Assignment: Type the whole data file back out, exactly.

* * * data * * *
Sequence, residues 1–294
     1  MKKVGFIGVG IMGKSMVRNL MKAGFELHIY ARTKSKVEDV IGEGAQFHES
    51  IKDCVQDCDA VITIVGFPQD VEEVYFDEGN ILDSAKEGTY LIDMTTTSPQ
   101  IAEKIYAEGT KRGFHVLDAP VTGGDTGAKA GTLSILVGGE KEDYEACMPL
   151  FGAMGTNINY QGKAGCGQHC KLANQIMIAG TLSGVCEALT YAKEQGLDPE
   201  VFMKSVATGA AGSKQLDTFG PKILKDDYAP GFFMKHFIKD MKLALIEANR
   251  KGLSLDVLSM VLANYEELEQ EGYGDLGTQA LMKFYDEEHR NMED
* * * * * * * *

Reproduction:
Sequence, residues 1–294
     1  MKKVGFIGVG IMGKSMVRNL MKAGFELHIY ARTKSKVEDV IGEGAQFHES
    51  IKDCVQDCDA VITIVGFPQD VEEVYFDEGN ILDSAKEGTY LIDMTTTSPQ
   101  IAEKIYAEGT KRGFHVLDAP VTGGDTGAKA GTLSILVGGE KEDYEACMPL
   151  FGAMGTNINY QGKAGCGQHC KLANQIMIAG TLSGVCEALT YAKEQGLDPE
   201  VFMKSVATGA AGSKQLDTFG PKILKDDYAP GFFMKHFIKD MKLALIEANR
   251  KGLSLDVLSM VLANYEELEQ EGYGDLGTQA LMKFYDEEHR NMED